The Chinese Communist party is using the COP as a bargaining chip. To keep us keen, Xi announced last month that China would stop funding coal-fired power stations abroad. ‘I welcome President Xi’s commitment to stop building new coal projects abroad — a key topic of my discussions during my visit to China,’ enthused Alok Sharma, the president of COP26. ‘A great contribution,’ said John Kerry, the United States climate envoy.
In truth, Xi is throwing us a pretty flimsy bone. He did not say when he would stop funding overseas coal or whether projects in the pipeline would be affected, so the impact on the world’s coal consumption will be minimal. And the gigantic expansion of coal burning in China itself continues. It already has more than 1,000 gigawatts of coal power, and has another 105 gigawatts in the pipeline. (Britain’s entire electricity generational capacity is about 75 gigawatts.) . . .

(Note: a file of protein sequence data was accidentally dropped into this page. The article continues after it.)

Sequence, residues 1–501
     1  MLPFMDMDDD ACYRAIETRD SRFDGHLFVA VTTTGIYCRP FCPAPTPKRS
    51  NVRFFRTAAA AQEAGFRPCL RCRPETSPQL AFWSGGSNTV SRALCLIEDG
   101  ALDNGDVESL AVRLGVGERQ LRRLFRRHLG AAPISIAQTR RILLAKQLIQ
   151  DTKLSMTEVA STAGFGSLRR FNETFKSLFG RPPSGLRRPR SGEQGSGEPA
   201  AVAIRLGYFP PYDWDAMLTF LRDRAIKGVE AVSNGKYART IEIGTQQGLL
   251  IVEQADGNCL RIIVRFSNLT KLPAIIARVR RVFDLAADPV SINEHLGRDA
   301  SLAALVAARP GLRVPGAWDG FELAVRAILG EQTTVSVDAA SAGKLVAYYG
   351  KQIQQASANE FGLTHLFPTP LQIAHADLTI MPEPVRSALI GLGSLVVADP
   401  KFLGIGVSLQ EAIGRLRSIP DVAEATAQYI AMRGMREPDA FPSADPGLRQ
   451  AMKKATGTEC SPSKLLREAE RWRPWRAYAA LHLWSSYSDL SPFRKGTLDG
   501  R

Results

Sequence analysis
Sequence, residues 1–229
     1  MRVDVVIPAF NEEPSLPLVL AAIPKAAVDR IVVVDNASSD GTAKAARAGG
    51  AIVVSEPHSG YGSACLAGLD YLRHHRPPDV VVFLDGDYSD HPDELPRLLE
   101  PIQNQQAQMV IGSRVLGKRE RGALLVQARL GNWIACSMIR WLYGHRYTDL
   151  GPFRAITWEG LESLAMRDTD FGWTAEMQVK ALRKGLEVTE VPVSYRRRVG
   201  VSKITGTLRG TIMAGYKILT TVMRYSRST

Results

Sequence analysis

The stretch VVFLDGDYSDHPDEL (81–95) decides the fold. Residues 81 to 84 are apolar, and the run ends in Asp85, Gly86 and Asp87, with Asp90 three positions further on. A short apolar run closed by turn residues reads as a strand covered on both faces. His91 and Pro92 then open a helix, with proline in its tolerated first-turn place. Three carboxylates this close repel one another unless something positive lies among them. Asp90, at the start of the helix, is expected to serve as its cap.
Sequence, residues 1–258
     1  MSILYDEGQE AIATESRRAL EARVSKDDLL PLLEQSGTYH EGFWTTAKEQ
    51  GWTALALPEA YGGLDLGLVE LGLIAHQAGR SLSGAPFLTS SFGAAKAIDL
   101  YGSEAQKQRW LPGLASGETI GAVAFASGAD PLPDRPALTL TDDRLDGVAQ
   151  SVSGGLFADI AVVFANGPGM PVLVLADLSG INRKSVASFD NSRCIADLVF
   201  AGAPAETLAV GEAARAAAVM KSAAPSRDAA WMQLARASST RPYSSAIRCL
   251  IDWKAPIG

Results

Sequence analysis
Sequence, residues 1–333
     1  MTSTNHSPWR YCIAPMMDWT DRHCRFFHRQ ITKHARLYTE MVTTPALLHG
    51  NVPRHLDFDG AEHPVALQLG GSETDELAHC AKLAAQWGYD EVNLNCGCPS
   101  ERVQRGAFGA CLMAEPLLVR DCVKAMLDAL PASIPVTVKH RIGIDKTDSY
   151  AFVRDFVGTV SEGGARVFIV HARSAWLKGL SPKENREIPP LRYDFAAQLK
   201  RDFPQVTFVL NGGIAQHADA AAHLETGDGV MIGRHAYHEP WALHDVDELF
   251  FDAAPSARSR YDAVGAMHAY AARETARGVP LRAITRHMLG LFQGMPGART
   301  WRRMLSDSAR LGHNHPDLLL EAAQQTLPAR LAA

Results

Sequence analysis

China’s leaders have long ago decided that the climate issue is simply something they can use as leverage with the West. A few minor announcements about more spending on solar power or less money for coal in Africa are a small price to pay for the West’s relative silence on human rights in Hong Kong, the release of the Huawei finance director in Canada and some easing of tariffs and sanctions. It’s a double whammy win for China: it cannot believe its luck as it watches us closing down our reliable and affordable power sources to buy from them wind turbines, solar panels and ingredients for batteries for electric cars.